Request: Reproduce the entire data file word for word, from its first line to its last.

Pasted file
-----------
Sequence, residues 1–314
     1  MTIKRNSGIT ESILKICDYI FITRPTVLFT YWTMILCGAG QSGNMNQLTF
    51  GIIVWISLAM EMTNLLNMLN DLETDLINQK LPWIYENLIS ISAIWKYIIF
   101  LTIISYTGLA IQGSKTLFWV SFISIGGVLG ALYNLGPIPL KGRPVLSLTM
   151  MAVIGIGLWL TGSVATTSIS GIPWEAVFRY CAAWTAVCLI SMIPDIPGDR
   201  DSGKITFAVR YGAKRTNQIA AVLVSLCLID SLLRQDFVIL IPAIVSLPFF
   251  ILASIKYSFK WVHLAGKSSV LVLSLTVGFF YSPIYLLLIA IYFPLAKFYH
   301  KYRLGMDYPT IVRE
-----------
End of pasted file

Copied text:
Sequence, residues 1–314
     1  MTIKRNSGIT ESILKICDYI FITRPTVLFT YWTMILCGAG QSGNMNQLTF
    51  GIIVWISLAM EMTNLLNMLN DLETDLINQK LPWIYENLIS ISAIWKYIIF
   101  LTIISYTGLA IQGSKTLFWV SFISIGGVLG ALYNLGPIPL KGRPVLSLTM
   151  MAVIGIGLWL TGSVATTSIS GIPWEAVFRY CAAWTAVCLI SMIPDIPGDR
   201  DSGKITFAVR YGAKRTNQIA AVLVSLCLID SLLRQDFVIL IPAIVSLPFF
   251  ILASIKYSFK WVHLAGKSSV LVLSLTVGFF YSPIYLLLIA IYFPLAKFYH
   301  KYRLGMDYPT IVRE